New technologies and classic materials merge to create a brilliant new concept in the form of the IBA Timber Prototype House or microhouse.
This prototype explores the manner in which digital fabrication can be used to facilitate low-cost timber construction. An airtight, greatly sustainable microarchitecture model building system defined as a log cabin turned on its side, this little wonder was custom designed at the Institute for Computational Design and Construction at the University of Stuttgart in correspondence with PassivHaus standards and as a presentation of the International Building Exhibition (IBA) Thueringen. The model can be seen until Sept. 29 in Apolda.
The IBA Timber Prototype House displays and demonstrates the manner in which computerized design and fabrication technology can make the concept of low-cost timber construction a viable, economical, creative and most literally constructive building method. The amazing single material structure was culled from a collection of staggered upright spruce timber frames that come complete with narrow slits doubling as stress-relieving cuts; slits that will prevent splitting and dead-air chambers, thus enhancing insulation values without reducing structural capacity. This exquisite method of digital fabrication and five-axis CNC milling also provided for the making of precision-cut airtight joints which connect the timber. This means that no metal fasteners nor adhesives will be required to build these purely and uniquely timber-based homes in the future.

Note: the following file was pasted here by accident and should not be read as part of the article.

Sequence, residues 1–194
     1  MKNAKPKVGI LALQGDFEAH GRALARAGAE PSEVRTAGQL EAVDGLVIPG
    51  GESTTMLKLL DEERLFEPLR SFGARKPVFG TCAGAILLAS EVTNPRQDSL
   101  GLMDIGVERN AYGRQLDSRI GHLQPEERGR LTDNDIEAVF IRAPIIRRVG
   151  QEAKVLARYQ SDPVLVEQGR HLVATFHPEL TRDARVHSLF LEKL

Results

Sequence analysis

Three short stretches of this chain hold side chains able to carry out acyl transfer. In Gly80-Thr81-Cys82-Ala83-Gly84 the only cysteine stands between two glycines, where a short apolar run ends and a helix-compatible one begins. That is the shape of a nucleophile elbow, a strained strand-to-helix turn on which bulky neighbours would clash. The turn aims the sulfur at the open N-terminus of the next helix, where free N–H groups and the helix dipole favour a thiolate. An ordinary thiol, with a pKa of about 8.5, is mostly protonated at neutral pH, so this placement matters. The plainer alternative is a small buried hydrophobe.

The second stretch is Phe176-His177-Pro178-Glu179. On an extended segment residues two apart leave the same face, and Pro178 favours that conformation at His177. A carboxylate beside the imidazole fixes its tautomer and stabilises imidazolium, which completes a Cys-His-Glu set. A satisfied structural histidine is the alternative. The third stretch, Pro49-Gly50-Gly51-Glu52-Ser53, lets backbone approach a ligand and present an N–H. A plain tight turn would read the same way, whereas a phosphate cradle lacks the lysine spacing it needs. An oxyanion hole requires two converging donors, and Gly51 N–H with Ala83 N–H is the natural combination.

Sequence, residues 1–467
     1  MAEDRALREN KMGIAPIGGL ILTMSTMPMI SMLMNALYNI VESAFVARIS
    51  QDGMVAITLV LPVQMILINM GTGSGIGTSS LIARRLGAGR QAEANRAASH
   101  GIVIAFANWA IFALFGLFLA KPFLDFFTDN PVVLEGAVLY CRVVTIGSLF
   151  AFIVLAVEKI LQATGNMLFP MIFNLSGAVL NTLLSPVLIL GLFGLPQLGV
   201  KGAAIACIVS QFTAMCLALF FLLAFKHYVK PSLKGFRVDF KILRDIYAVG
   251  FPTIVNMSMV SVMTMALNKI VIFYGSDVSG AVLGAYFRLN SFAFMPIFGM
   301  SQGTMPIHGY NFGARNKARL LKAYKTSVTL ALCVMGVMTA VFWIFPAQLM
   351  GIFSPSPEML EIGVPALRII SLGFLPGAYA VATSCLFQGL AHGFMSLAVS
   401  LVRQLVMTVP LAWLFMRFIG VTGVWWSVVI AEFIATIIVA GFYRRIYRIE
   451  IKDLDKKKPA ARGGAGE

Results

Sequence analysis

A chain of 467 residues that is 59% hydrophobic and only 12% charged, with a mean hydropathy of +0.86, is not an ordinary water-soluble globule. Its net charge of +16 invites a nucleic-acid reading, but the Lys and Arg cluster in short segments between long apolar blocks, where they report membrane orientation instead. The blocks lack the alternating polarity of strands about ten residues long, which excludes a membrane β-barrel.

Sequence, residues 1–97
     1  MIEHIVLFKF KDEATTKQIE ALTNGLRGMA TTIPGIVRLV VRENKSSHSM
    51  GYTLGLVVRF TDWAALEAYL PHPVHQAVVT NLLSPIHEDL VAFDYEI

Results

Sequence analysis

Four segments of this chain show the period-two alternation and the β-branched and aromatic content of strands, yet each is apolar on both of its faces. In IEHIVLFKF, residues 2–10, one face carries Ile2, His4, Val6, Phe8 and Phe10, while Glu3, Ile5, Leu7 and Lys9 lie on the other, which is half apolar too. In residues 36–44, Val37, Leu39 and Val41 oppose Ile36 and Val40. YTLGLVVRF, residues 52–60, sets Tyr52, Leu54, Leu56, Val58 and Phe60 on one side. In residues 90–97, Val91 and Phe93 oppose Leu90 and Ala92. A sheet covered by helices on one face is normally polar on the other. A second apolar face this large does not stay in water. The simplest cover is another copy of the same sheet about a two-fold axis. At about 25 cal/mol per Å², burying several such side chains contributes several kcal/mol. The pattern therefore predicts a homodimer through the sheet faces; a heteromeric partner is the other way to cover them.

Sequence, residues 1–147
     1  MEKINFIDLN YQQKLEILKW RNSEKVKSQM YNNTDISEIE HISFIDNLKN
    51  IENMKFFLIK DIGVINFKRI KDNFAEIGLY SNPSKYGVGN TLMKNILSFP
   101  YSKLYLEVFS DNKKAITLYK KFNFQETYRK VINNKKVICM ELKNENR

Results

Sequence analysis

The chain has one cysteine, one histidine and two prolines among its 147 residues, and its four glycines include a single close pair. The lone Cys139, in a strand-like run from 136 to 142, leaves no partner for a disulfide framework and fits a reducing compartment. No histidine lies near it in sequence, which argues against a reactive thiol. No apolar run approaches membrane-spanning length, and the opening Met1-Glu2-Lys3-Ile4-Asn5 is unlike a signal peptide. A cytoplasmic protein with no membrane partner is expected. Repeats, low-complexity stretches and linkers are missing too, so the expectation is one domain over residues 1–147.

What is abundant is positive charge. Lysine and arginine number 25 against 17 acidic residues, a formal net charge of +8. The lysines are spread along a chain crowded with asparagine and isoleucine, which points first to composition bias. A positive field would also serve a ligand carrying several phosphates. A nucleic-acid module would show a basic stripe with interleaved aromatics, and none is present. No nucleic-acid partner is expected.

The small house boasts curving walls and roof, created through a process of digital fabrication, and an amazing U-value of 0.20 W/(m^2K) without added insulation—perfect to adhere to PassivHaus standards and withstand the coldest winters.
By relying on classic wooden materials, this innovative building system avoids the creation of buildings that are tough to recycle and whose use can result in higher energy bills. Wood elements, by contrast, minimise layers and can be taken apart easily for eventual recycling. And this is a homegrown model, with all wood being taken from the area of Thueringen, the site of the home’s construction—thus allowing for the reduction of energy costs associated with transporting model materials across transportation networks.
Overall, this revolutionary form of microarchitecture is a big move toward global sustainability.